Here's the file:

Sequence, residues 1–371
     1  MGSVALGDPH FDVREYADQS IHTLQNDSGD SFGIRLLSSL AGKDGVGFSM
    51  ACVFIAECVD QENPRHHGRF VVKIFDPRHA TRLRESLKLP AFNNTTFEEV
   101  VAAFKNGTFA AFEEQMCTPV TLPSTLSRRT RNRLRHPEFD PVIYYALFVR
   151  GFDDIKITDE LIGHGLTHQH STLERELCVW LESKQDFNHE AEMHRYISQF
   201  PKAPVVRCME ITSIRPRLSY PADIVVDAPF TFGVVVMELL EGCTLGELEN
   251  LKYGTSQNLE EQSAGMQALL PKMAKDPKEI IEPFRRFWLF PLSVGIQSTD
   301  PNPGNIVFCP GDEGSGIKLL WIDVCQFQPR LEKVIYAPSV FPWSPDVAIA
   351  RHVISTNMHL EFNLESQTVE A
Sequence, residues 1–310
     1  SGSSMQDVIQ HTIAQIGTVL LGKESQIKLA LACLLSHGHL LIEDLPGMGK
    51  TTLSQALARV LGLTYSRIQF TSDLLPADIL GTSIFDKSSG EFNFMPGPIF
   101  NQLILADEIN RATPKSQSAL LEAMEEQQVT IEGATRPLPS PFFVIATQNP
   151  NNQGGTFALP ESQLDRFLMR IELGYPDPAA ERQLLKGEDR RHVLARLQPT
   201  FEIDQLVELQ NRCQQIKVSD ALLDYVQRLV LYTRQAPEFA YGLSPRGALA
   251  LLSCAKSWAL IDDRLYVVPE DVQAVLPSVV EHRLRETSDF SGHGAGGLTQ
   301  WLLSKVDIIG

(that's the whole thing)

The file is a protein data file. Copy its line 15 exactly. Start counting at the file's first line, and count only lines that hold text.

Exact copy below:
   201  FEIDQLVELQ NRCQQIKVSD ALLDYVQRLV LYTRQAPEFA YGLSPRGALA